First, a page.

Experimental Approach on the Cognitive Perception of Historical Urban Skyline

Seda H. Bostancı, Murat Oral


In a lifetime, human brain constitutes cognitive models for various conditions and events in order to be able to adapt to the environment and lead a life based on experiences. Based on multidimensional sensory experiences, people create an internal model of a city and they use this model as a mental sketch in their new urban space experiences. Cognitive mapping methods create qualified data for way-finding and the process of classifying the stimuli of the living area and carrying out spatial designs that promote quality of life. Aesthetic perception of the urban pattern consists of keeping the skylines of a city in memory and being able to create an image in mind. Skylines are three dimensional urban landscapes which has a prime role in urban design studies. Urban skylines are the reference points for the historical perception of the environmental image. Urban skylines can be classified basically in three categories as the historical skyline, complex skyline in which new and higher structures are dominant and mixed skyline which is a combination of these two situations. The postcards and information guides for cities are important references in representing the identity for historical cities. The photographs seen in information guide books and postcards are attractive points for citizens and visitors of the cities. The fact that cities are changing constantly shows that cities like İstanbul, which are famous for their coastal skyline can protect the holistic aesthetic value of their very limited textures but cause a dramatic change and a chaotic visual effects within their urban transformation process. One of the major fundamental research areas of this study is to determine how these changes affect the memory.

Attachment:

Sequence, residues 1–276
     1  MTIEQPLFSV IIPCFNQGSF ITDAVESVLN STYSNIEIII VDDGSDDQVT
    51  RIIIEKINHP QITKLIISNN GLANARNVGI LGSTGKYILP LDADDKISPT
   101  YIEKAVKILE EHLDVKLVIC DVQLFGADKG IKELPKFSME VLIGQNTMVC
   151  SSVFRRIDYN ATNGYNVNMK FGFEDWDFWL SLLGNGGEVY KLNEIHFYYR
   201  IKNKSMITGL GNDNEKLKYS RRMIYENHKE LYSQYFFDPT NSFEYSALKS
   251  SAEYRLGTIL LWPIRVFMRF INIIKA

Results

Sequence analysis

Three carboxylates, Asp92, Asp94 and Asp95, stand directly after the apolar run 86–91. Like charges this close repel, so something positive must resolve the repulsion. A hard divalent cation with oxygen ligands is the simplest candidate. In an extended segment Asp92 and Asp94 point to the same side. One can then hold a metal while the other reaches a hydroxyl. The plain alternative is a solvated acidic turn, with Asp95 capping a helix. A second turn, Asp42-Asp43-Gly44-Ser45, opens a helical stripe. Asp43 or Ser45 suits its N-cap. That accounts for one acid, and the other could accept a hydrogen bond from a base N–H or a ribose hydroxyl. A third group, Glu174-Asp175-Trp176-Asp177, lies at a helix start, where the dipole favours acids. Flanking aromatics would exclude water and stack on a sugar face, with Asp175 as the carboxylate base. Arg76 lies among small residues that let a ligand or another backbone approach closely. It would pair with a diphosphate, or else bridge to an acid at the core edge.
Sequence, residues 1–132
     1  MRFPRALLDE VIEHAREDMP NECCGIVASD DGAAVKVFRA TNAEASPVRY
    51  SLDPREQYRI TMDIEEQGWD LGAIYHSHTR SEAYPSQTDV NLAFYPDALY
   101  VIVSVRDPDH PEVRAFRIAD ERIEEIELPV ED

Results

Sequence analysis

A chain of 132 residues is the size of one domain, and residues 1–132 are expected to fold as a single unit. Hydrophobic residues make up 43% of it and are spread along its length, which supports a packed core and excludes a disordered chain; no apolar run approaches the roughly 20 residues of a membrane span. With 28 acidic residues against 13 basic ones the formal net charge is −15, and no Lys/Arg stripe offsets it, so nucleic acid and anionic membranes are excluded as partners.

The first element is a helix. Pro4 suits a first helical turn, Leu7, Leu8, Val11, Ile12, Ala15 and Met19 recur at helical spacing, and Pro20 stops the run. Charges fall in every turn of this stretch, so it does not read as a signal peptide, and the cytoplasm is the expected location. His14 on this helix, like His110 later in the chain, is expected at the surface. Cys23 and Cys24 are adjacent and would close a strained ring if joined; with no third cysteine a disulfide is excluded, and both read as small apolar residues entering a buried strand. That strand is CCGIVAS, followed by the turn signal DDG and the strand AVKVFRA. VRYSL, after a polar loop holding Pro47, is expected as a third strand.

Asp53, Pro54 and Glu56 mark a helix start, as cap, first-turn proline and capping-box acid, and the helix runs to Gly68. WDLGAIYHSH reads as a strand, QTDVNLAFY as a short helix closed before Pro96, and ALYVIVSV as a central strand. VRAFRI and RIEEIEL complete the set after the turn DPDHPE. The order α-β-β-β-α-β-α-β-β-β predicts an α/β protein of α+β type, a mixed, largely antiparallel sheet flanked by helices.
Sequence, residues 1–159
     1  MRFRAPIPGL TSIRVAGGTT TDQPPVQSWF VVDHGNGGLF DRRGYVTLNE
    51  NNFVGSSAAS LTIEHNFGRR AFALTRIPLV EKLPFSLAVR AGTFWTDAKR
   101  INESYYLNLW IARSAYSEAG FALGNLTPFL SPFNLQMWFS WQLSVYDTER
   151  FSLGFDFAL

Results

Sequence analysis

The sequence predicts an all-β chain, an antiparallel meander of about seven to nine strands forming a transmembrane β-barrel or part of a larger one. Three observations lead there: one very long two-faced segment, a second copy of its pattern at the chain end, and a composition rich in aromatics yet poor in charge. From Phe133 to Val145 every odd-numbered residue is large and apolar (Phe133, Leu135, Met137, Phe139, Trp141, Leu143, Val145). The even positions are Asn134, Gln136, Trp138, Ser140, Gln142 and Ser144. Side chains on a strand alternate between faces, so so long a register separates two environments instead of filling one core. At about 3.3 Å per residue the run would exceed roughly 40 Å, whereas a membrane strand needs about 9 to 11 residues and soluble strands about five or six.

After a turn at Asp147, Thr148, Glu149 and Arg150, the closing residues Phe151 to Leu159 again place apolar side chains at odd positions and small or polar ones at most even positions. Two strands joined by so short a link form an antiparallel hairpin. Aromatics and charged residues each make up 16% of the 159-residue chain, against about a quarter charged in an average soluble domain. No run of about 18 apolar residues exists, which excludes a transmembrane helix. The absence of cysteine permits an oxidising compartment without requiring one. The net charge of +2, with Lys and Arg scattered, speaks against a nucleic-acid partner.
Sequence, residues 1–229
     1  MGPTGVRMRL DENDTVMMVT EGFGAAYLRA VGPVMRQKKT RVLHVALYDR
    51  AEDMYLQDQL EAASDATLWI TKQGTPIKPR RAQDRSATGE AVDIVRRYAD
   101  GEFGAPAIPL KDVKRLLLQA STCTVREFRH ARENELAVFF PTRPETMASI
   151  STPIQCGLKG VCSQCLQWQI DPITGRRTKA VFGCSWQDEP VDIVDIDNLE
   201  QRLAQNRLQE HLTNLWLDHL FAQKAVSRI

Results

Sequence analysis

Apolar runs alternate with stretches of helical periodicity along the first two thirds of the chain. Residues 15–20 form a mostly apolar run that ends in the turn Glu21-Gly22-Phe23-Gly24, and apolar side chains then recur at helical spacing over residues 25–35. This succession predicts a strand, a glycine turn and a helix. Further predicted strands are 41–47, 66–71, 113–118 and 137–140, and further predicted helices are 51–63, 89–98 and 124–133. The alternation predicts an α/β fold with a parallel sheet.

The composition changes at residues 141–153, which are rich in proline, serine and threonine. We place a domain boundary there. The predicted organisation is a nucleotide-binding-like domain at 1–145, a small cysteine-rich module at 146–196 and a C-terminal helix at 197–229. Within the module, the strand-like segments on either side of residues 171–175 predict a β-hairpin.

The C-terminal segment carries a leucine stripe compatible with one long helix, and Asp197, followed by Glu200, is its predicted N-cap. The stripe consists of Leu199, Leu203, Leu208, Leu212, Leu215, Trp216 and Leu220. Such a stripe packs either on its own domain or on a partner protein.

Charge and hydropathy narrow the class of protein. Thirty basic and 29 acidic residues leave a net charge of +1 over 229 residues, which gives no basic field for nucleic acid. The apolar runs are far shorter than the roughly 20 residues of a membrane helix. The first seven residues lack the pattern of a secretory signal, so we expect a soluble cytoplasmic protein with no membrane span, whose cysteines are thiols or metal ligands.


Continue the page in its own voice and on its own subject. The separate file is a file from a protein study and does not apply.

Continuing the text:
The aim of the study is to investigate how the image created by the skylines of historical cities can be expressed by drawing. The basic differences among the cognitive mapping techniques and the cognitive perception and the schematic display of a skyline can be discussed through this experimental approach. This study aims to do experimental research among a group of architecture students who are strong at drawing and schematic expressions. The selected group of samples will be asked to draw (1) the schematic skyline images of the city they live in and a city they have visited as far as they remember, (2) examined how they draw a skyline and how much time it takes after they are shown a skyline of a historical city chosen in a certain time, (3) watch a video on the streets of two different cities they have seen or haven't seen before, and asked to draw a skyline of the city based on what they have watched. Finally, these different situations will be analyzed. In the experimental study, After 3 days, drawing the best remembered skyline image will be requested from students. And what the sample group have thought in this selection in terms of aesthetics will be measured with the semantic differential and the adjective pairs. Participants will be asked to draw the catchy image of the skyline shown in order to compare the experimental methods and the subjective aesthetic evaluation methods. Observation-based determinations will be realized by the analysis of these drawings and the adjective pairs. In this way, the relation between the skyline perception and the aesthetic experience in urban life will be discussed. 


Urban skyline, environmental psychology, urban sketching, visual education, aesthetic evaluation

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DOI: http://dx.doi.org/10.15320/ICONARP.2017.25

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